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How to Use jQuery’s “ajax” Function

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This post is part of a series called AJAX for Front-End Designers.
A Beginner’s Guide to AJAX With jQuery

Having followed the previous three tutorials, you should have gained a good understanding of AJAX. In this final tutorial, we’ll wrap things up by working with a more involved example.

The Markup

To get an idea of the structure of this example, consider the following markup:

The markup for the main element is shown below:

Notice the text links. These correspond to different front-end frameworks. As we’ll see in the next section, every time we click on the links, an AJAX request will be executed. Then, the element with the class of modal will appear and its content will be updated with data fetched from the response.

Here’s what the main element looks like:

Main ElementMain ElementMain Element

Modal Markup

The next step is to examine the structure of our modal. Here’s the HTML code:

As you can see, the modal contains a few empty elements. We place those in the HTML because their text will change depending on which link we click on and the response that we retrieve.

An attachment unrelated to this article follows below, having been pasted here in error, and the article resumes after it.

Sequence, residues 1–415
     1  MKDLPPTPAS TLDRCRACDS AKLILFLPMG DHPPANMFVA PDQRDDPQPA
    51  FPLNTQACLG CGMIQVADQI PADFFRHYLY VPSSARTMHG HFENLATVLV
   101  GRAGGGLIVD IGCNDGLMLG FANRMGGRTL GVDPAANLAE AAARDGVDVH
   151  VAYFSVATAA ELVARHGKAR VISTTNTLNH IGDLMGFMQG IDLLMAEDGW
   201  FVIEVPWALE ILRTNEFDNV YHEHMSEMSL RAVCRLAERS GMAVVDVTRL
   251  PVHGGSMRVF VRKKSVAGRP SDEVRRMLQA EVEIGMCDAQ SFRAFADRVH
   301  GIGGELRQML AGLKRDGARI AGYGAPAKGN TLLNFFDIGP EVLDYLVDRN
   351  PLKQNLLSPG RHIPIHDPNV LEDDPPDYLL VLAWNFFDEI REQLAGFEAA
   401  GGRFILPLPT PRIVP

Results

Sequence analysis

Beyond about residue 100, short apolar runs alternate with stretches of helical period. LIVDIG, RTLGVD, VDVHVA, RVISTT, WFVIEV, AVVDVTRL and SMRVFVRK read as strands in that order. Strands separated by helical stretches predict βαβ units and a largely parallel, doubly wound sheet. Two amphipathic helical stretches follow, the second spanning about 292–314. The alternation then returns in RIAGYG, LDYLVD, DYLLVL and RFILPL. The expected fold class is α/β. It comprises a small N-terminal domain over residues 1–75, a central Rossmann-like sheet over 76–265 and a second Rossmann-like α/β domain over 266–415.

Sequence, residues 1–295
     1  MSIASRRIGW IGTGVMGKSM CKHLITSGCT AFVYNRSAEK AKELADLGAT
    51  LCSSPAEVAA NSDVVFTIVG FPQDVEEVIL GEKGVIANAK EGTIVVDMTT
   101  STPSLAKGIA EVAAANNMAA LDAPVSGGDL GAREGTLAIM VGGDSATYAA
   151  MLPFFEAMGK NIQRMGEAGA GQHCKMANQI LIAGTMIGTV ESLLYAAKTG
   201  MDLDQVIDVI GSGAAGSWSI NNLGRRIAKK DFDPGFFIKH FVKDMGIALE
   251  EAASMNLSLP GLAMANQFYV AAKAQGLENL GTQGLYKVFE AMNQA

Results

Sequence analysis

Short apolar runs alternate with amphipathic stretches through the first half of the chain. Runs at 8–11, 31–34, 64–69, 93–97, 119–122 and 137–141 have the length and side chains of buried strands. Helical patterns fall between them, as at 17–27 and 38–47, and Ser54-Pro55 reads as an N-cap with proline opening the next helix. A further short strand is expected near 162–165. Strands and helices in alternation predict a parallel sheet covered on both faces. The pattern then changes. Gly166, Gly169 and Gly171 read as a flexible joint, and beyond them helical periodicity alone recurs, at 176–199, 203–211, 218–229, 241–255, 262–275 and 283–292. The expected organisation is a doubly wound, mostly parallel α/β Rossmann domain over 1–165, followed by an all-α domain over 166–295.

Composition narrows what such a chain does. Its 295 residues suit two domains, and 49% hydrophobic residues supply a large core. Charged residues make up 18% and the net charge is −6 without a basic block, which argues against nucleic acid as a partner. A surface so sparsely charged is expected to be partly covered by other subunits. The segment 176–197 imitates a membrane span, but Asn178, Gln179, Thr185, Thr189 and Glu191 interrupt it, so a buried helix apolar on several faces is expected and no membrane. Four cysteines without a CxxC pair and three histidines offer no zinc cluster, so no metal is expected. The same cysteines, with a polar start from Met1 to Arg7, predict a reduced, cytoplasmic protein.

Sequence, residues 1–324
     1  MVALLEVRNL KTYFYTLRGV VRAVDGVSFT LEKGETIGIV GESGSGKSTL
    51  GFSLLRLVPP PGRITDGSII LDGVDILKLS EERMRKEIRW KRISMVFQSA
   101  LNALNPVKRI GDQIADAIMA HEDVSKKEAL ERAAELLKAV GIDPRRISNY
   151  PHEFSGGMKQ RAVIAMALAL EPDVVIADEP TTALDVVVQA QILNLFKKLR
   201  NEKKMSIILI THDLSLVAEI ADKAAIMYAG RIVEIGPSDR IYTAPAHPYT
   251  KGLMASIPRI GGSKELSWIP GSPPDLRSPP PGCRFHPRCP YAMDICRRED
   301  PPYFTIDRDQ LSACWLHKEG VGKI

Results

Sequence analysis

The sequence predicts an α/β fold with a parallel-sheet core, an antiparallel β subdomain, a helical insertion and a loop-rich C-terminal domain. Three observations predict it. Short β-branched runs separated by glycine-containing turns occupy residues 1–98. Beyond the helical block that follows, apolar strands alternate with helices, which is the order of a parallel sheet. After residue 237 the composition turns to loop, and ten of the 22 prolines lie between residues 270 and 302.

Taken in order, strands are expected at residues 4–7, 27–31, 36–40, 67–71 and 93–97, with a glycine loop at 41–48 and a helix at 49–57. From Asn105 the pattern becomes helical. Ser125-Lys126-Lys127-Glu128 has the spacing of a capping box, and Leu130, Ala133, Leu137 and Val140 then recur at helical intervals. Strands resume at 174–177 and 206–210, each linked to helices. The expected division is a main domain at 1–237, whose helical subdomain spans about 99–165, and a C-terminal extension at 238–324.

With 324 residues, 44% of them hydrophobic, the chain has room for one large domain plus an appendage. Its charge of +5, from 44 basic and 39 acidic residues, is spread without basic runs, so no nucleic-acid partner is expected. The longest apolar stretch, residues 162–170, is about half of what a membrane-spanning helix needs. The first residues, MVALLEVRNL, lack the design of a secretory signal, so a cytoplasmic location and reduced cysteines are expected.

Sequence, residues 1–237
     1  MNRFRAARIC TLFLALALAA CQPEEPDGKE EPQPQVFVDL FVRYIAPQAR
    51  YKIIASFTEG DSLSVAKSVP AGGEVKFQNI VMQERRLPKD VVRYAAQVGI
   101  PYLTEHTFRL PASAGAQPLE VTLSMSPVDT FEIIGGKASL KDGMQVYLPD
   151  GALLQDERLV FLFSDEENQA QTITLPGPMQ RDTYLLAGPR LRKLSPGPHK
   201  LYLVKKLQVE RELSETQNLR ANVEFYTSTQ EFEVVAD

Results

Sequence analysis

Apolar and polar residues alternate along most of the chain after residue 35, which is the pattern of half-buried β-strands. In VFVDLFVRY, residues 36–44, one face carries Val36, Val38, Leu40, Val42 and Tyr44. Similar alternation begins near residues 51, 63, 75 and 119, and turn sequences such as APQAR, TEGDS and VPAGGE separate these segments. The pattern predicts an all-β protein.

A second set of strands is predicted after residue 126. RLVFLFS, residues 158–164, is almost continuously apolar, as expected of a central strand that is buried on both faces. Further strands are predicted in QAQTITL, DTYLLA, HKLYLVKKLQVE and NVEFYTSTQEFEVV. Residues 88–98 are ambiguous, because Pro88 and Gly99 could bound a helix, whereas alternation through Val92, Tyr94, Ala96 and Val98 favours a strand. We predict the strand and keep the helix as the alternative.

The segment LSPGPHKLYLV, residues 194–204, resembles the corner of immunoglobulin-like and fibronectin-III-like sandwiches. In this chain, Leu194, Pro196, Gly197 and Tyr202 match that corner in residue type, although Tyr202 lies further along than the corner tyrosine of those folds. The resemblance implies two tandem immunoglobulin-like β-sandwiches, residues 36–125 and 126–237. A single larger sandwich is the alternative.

The image below shows how the modal initially appears:


By default, the modal is hidden. Additionally, we’ll also hide the loader. This will appear only when the AJAX request is triggered.

Take a look at the corresponding CSS rules:

Note that we use the opacity property (and not the display property) to hide the modal because this property belongs to the animatable CSS properties. In this way, we’ll be able to transition the states of the modal (i.e. the open and closed states).

Generating the JSON Response

For the purposes of this example, we’ll choose to build ourselves the JSON response. Specifically, the expected response (i.e. the Demo.json file) will be an array of objects. Each object will contain details regarding the related front-end frameworks.

Moreover, the value of the name property will match the text links of the main element (see previous section). With that in mind, the structure of the response looks something like this:

Note: the values we’ve used for the numberOfStars and currentVersion properties are fake and purely for the purposes of demonstration.

Similar to the previous examples in this series, we’ll use AJAX to request a static file. However, if we want to embed content coming from other sites (e.g. Google Maps, Flickr), we should read their API documentation, and if necessary, apply for an API key.

Furthermore, our target data lives on the same server as the demo page. Therefore, we’ll avoid limitations that may occur when interacting with third-party services (see the “Limitations of AJAX Requests” section of the first tutorial).

Implementing the AJAX Request